How money, debt and financial culture can affect you personally. The internal challenges and struggles when dealing with money issues. Motivation to do better financially, and how to handle mental setbacks when money emergencies pop up.
I received some sort of marketing email this morning. It was from a company I’d purchased from in the past. You know how that goes — You buy something online, get confirmation sent to your email, and all of a sudden you’re getting emails from them daily.
Email marketing, that’s what it’s all about.
Because everrrryyyone says the email list is golden. Since it’s your audience. They sign up for your newsletter because they like what you’re producing, and they trust you.
Building up an email list and then selecting quality products or services to share is a surefire way to spread your brand’s message. Well then, why am I not doing this? Sure, I send out my new posts via email. That’s pretty much it.
I don’t send out sneak peeks on updated blogging courses that will be going on sale, or one-day-only discounts on the latest tech software. I mean, I guess I could … But given the fact that I don’t blog about blogging, that doesn’t really make sense.
I blog about side hustles, saving money, and being in debt. Trying to squeeze extra dimes and nickels out of activities you have to do anyway. Finding ways to earn extra income with the least amount of effort possible.
Paying bills that have been lingering like a bad cold right before vacation. Making the most of your time on this planet, and learning from mistakes made in the past.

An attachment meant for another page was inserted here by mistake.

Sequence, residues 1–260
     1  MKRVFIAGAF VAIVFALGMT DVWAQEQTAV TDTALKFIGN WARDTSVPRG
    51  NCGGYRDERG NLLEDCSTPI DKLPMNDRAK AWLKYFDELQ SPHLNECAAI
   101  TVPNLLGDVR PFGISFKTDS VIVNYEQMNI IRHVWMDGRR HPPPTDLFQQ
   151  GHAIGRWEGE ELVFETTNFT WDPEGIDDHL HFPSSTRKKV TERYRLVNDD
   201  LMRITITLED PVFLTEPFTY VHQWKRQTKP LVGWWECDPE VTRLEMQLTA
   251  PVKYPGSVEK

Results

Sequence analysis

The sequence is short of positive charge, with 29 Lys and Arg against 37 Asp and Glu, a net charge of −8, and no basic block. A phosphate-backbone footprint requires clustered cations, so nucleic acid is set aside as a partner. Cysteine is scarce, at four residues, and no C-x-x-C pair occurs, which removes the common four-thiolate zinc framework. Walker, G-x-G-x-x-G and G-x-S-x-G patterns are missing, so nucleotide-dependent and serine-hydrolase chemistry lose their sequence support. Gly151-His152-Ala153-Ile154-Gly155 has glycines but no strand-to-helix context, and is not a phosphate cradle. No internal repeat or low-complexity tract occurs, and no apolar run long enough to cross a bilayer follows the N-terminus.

Today is my birthday — I am officially 45 years young.
In honor of this “monumental” occasion, we’re going to dig deep into the cavernous chronicles of the past. And explore history as you’ve never experienced it.
What does this mean exactly?
I’ll be reaching back into my memories, which may or may not be 100% accurate — but at least they’re crystal clear in my recollection. And that’s all that matters. (Ha!)
But kidding aside, I will attempt to recount and present a few nuggets of wisdom. Things I’ve learned over the past 25 years or so. These are things I wish I knew back when I was in my early 20’s, and maybe I’m still learning about today.
Because life sure is one whirlwind of a process. And boy, when you talk about lessons learned — I could Kaizen the heck out of many decisions I made back in the day.
But first — we will backtrack just a few days ago. When all of the festivities were just getting started. It stems from several different discussions, all about gift-giving, wants, and needs. And what it means to give a Simple Gift.
Hello everyone, and welcome to an extra special guest post, in honor of International Women’s Day. A group of female personal finance bloggers were asked to describe what financial independence means to them. And I am sooo excited to share this inspiring story from Mel, who blogs at brokeGIRLrich.
I had the absolute best mom. She was a homemade playdough, nag you till your homework is done, inspires you to believe you can achieve anything kind of mom.
There are so many ways I hope I’m like her.
Growing up though, she was a stay-at-home mom until I was almost done with high school, and entirely dependent on my dad (who is also great). But the picture of my mom being totally financially dependent never left me as I got older — and it really wasn’t something I wanted out of my life.